Poland's conservative government Tuesday lashed out at a German left-wing daily that satirized Polish President Lech Kaczynski, as officials demanded that political leaders in Germany condemn the newspaper.
Polish Prime Minister Kazimierz Marcinkiewicz is not pleased with the German "tageszeitung"
Prime Minister Kazimierz Marcinkiewicz attacked the article in the Tageszeitung daily as "disgusting."
"It's hard to imagine that someone in Poland could publish similar comments about other heads of state. A reaction is necessary," he stormed.
Andrzej Krawczyk, an official in Kaczynski's office, said he was in touch with German Chancellor Angela Merkel's officials over the article.
"We expect criticism ... a rejection of articles of this type about the head of a state that is a friend of Germany," Krawczyk said, adding: "We have outlined and transmitted our position on this article: astonishment, indignation and disgust."
Polish Foreign Minister Anna Fotyga said that the "lack of reaction from Germany's principal politicians is disturbing."
"Never before, even in press attacks on Saddam Hussein or (Belarus) President Alexander Lukashenko, have we had to deal with an attack on such a scale and using such language," Fotyga added.
Tradition of disrespect
The Tageszeitung daily, which is close to Germany's opposition Greens party and anti-globalisation groups and which is known for its lack of reserve in voicing opinions, published an article June 26 headlined "The Polish new potatoes" as part of a series entitled "Rogues who want to rule the world."
The Kaczynski brothers
At one point, in a comment loaded with innuendo, the article referred both to President Kaczynski, who in his previous post as mayor of Warsaw banned gay parades in 2004 and 2005, and his twin brother Jaroslaw, head of Poland's ruling, conservative Law and Justice party.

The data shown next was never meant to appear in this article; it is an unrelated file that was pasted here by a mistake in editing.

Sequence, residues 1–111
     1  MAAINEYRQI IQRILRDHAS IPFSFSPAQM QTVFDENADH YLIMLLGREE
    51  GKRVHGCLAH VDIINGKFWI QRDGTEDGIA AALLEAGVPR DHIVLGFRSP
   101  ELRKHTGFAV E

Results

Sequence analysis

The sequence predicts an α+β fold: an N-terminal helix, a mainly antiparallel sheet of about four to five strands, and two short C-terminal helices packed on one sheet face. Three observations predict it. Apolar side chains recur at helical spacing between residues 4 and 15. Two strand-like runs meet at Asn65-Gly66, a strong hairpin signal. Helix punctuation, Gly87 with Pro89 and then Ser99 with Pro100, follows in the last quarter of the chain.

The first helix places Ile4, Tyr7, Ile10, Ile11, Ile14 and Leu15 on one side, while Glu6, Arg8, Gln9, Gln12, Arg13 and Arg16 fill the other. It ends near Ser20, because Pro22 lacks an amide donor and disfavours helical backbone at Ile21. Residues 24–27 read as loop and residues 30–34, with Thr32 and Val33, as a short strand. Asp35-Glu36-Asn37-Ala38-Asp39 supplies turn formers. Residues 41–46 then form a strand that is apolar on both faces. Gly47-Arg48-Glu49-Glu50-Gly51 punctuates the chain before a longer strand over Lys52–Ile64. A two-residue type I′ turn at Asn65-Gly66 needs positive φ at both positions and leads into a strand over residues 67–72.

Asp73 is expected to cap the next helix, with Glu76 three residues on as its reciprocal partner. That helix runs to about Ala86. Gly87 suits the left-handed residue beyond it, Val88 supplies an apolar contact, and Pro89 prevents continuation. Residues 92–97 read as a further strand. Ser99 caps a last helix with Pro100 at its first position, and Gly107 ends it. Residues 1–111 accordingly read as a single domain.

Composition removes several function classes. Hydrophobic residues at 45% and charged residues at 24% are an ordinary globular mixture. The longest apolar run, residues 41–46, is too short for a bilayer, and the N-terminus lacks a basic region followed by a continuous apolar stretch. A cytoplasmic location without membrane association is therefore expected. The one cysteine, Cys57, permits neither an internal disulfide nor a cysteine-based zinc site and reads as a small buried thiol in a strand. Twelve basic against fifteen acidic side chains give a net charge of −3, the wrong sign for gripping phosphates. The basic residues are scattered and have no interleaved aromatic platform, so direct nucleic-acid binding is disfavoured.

"The two have proved that they are clean both in front and behind: Lech, who several times forbade men in Warsaw from showing their behind, and especially Jaroslaw, who lives with his mother," the article said.
The Federal Prosecutor General is investigating two German journalists suspected of treason for releasing confidential information online. Charges have been filed against the two reporters who run the blog, Netzpolitik.
Two students from Berlin have created a website to help refugees find jobs in Germany. Their online marketplace has been well-received, but it is only the beginning of a difficult journey for refugees and employers.
Streets all over Germany are still today named after Field Marshal Paul Hindenburg, the president who paved the way for Hitler's rise. Some cities took the name off their maps, others quite deliberately didn't.
Lesbianism is the most natural thing in the world, according to Germany's new women's magazine "Straight." It blasts clichés by not putting all lesbians in a box.